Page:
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Published by: saravanan1987 on Aug 29, 2009
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the transfer of the drug from the generalcirculation into the different organs of the body
the removal of the drug from the body,which may involve either excretion or metabolism.Each of these can be described in terms of chemical,biochemical and physiological processes and also inmathematical terms. The mathematical description ofpharmacokinetic processes determines many of thequantitative aspects of drug prescribing:
why oral and intravenous treatments may requiredifferent doses
the interval between doses during chronic therapy
the dosage adjustment that may be necessary inhepatic and renal disease
the calculation of dosages for the very young andthe elderly.The nature of the response of an individual to a par-ticular drug, for example a decrease in blood pressure,depends on the inherent pharmacological properties ofthe drug at its site of action. However, the time delaybetween drug adminstration and response, and the inten-sity and duration of response, usually depend on therate and extent of uptake from the site of administration,the distribution to different tissues, including the site ofaction, and the rate of elimination from the body: insummary, the response of the patient represents a com-bination of the effects of the drug at its site of action inthe body (
) and the effects of the bodyon drug delivery to its site of action (
)(Fig. 2.1). Both pharmacodynamic and pharmacokineticaspects are subject to a number of variables (Fig. 2.1),which affect the dose–response relationship. Pharmaco-dynamic aspects are determined by processes such asdrug–receptor interaction and are specific to the class ofthe drug, e.g.
-adrenoceptor antagonists. Pharmaco-kinetic aspects are determined by general processes,such as transfer across membranes, xenobiotic (foreigncompound) metabolism and renal elimination, whichapply irrespective of the pharmacodynamic properties.Pharmacokinetics may be divided into three basicprocesses:
the transfer of the drug from the site ofadministration to the general circulation
The biological basis of pharmacokinetics
17General considerations17
The mathematical basis of pharmacokinetics
31General considerations31
Chronic administration
Factors affecting pharmacokinetics
Pharmacogenomics, pharmacogenetics and drugresponses
43Fig. 2.1
Factors determining the response of a patient to a drug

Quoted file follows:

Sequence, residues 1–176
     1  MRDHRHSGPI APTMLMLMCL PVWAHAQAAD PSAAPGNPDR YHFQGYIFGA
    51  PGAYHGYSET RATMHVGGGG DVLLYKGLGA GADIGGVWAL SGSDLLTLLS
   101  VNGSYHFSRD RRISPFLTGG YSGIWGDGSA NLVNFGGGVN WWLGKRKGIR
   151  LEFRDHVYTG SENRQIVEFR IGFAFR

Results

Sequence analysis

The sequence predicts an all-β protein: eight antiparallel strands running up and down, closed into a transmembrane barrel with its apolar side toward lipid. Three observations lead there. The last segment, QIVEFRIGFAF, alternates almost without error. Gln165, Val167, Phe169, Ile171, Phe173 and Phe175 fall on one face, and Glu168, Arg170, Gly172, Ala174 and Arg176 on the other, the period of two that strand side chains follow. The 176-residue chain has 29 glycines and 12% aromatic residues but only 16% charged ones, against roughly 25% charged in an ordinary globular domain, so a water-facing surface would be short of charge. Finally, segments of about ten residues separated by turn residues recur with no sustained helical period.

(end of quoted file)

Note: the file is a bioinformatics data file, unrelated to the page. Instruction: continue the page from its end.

PharmacodynamicsDose–response relationshipPharmacokinetics
Specific to drug ordrug classNon-specific, generalprocesses
Interaction with cellularcomponent e.g.receptoror target siteEffects at the site ofactionConcentration–effectrelationshipReduction in symptomsModification of diseaseprogressionUnwanted effectsDrug interactionsInter- and intrapatientdifferencesAbsorption from site ofadministrationDelivery to the site ofactionElimination from bodyTime to onset of effectDuration of effectAccumulation on repeatdosageDrug interactionsInter- and intrapatientdifferences
Ch02.qxd 3/12/05 10:58 AM Page 17
The biological basis of pharmacokinetics
Drug structures bear little resemblance to normal dietaryconstituents such as carbohydrates, fats and proteins,and they are handled in the body by different processes.Drugs that bind to the receptor for a specific endoge-nous neurotransmitter rarely resemble the natural ligandin chemical structure, and they do not usually share thesame carrier processes or metabolising enzymes with thenatural ligand. Consequently, the movement of drugsaround the body is mostly by simple passive diffusionrather than by specific transporters, while metabolism isusually by ‘drug-metabolising enzymes’, which have alow substrate specificity and can handle a wide varietyof drug substrates.
General considerations
Passage across membranes
With the exception of direct intravenous or intra-arterialinjections, a drug must cross at least one membrane inits movement from the site of administration into thegeneral circulation. Drugs acting at intracellular sitesmust also cross the cell membrane to exert an effect. Themain mechanisms by which drugs can cross membranes(Fig. 2.2) are:
passive diffusion
carrier-mediated processes: facilitated diffusion andactive transport
through pores or ion channels
by pinocytosis.
Passive diffusion.
Passive movement down a con-centration gradient occurs for all drugs. To cross a mem-brane, the drug must pass into the phospholipid bilayer(Fig. 2.2) and therefore has to have a degree of lipidsolubility. Eventually a state of equilibrium will bereached in which equal concentrations of the diffusibleform of the drug are present in solution on each side ofthe membrane.
Carrier-mediated processes.
 facilitated diffusion
,energy is not consumed and the drug cannot be trans-ported against a concentration gradient; by comparison,
active transport